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stroke
mini strokes
stroke symptoms
head trauma
high cholesterol
brain damage
high blood pressure
high risk
I Survived A Stroke,what Happens Now?
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I Survived A Stroke,what Happens Now?

My stroke. In April, 2011 I suffered several mini-strokes, followed by a major stroke several days later. My post stroke symptoms included, severe fatigue, limited use and movement of my left arm and leg, depression and apathy. The physical effects led to the last 2 symptoms. I was unable to walk and stand, so I was restricted to my bed, unless I had assistance.

No privacy. To use the bathroom, I would have to use the call bell to have a nurse assist me to the bathroom. They helped me drop my bottoms and help me onto the toilet. If that's not embarrassing enough, they wait and watch because I was considered to be a" fall risk." ( I had already ended up on the floor on a previous attempt). This was very depressing to me, because being 45 years old, it felt like I wasn't in control of myself and I was a baby who needed his diapers changed. Who wouldn't be depressed about that?

Am I going to be like this forever? I stayed at the hospital until the doctors were sure I was stable. I was only told I had suffered a stroke, but nobody could tell me why. I wasn't considered to be high risk, and to this day, even my neurologist who specializes in stroke, can't give me a definite cause. I had what was called an ischemic stoke, which in my case, was blood clot formed a blockage in my brain, which restricted blood flow to my brain and caused permanent brain damage. The mystery is the clot itself. I didn't have high cholesterol or high blood pressure prior to the stroke, and I had no previous head trauma. So now, the main goal is to prevent me from having another stroke. I was prescribed blood thinners, and a statin for cholesterol. I will have to take these for life.

Good news, bad news. After many tests, cat scans, MRIs ,and what have you, my neurologist has determined that the clots are gone. The bad news is that brain damage is irreversible and my condition is likely permanent.

Rehabilitation. After my condition was stable, I was moved to another hospital to take part in post stroke rehabilitation. When I arrived there, I could barely stand. I could walk around 20 feet with a walker. My condition was assessed, and my post stroke therapy was formulated. Each day was scheduled with Physical therapy(concentrating on my leg), Occupational Therapy(arm and hand), and speech therapy(mind).Fortunately, my mental capacity wasn't affected, so speech therapy was deemed too easy and was lessened from my schedule. PT and OT were difficult and challenging. In PT we worked on strengthening and "relearning" how to use my leg. In OT, I worked on my affected hand by bearing weight on that arm. We also worked on bathing, toileting, grooming, and all the my other daily tasks.

I'm going to walk out of this place. This rehab hospital was old and rundown compared to the hospital I just came from. I had a roommate too, where I had a private room at the other place. I just wanted to finish my time here and go home. This would later change as I noticed improvements in my physical abilities. If I was at home with no schedule, depression and apathy probably would have taken over and I wouldn't have any improvement. At this hospital, I had a schedule, and my post stroke exercises set up for me. Eventually, my standing and walking improved enough where I could use the bathroom by myself, and I could transfer myself around the hospital, and enjoy my visitors outside instead of from a hospital bed.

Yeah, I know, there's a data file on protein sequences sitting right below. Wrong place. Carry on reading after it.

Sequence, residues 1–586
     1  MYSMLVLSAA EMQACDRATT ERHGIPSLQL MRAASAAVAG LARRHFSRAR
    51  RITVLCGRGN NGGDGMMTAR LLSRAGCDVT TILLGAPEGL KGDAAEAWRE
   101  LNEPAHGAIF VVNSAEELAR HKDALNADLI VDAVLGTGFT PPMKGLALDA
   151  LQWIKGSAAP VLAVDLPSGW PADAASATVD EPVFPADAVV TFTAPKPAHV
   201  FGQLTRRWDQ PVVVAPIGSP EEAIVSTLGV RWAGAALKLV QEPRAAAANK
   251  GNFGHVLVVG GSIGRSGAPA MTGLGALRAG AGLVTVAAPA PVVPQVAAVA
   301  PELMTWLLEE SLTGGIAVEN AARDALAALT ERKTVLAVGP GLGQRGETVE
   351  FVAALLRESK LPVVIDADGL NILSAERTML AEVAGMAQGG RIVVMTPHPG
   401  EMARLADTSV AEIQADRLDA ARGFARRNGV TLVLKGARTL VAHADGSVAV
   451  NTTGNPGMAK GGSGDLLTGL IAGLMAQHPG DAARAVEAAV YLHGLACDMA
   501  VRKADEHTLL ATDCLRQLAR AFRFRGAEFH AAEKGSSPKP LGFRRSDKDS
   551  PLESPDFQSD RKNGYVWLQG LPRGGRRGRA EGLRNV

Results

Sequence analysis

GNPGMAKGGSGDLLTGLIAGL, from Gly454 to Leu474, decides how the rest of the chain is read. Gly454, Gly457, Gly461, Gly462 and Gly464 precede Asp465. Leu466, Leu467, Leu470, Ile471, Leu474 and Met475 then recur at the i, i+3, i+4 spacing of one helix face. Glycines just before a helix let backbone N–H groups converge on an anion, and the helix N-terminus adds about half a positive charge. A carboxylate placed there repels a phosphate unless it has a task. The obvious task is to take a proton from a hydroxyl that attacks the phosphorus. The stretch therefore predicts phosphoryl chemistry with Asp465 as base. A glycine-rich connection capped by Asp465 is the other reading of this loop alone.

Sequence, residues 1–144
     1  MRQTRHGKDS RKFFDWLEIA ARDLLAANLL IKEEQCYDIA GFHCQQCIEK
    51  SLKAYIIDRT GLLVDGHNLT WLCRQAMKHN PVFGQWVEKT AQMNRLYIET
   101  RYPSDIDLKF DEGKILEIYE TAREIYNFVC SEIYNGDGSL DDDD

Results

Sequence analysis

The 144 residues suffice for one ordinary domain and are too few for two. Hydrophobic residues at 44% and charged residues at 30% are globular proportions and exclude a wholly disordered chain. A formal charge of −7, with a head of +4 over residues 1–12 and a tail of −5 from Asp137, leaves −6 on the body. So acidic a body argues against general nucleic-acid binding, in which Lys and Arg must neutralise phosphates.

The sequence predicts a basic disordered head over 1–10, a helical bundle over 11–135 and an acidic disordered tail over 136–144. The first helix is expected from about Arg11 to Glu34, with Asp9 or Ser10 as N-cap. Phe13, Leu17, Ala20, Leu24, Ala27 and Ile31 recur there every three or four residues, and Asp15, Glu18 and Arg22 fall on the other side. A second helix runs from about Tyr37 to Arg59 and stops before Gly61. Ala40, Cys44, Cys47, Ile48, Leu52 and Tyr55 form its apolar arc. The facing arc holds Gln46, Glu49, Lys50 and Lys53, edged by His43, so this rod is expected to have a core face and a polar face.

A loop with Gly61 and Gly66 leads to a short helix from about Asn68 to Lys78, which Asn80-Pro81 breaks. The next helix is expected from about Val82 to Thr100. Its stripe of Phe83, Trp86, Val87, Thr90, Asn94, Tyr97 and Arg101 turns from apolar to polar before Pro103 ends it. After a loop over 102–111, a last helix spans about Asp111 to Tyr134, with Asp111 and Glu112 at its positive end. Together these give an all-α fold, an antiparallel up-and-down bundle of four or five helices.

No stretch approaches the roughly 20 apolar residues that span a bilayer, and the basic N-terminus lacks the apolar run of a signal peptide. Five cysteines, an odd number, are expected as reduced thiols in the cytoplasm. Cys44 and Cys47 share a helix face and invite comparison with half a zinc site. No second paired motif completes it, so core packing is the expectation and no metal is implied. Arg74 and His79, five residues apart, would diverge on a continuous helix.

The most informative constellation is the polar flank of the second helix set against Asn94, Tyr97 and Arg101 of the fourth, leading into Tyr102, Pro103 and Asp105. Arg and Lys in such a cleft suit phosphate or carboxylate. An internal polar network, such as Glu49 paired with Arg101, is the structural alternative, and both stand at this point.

I can't stay ? I looked forward to my therapies because I wanted to see what else I could do. I was doing so well and was benefitting so much, they decided to extend me two more weeks. I took full advantage of my extension and worked really hard. Before I knew I, my time was up and it was time for me to go home. I really wanted to stay because I had improved so much with my walking. I was told that's all my insurance would cover, so I had no choice. I was scared because I wasn't sure of myself. I didn't want to be a burden to my family, and wasn't sure if I'd be able to motivate myself to continue my exercises. One of my final therapy sessions was a grocery shopping trip to Safeway. Using a shopping cart as support, I shopped for items at the store. I went from barely being able to stand, to shopping for groceries in three weeks. Imagine what I could do if I could stay longer. When it was my time, I walked out of the rehab hospital using only a quad cane.

The present, Two years after my stroke, I continue to go to outpatient therapy from time to time. I am able to drive, walk without any device except or a leg brace, have learned to do many things with only my right hand(which may be detrimental to my arm and hand recovery).Although many parts of my life have changed because of my stroke(stroke is also hard on those around you too, but that's a whole other article), I'm thankful I'm still alive and able to enjoy my life. I still try to be active with my kids, I'm still trying to return to work and I've even built my own website as an outlet for my feelings in hope it can help others. I have been told that the brain rewires itself as you relearn how to use your body. I'm hoping the rewiring is still ongoing, and I'll keep working at it


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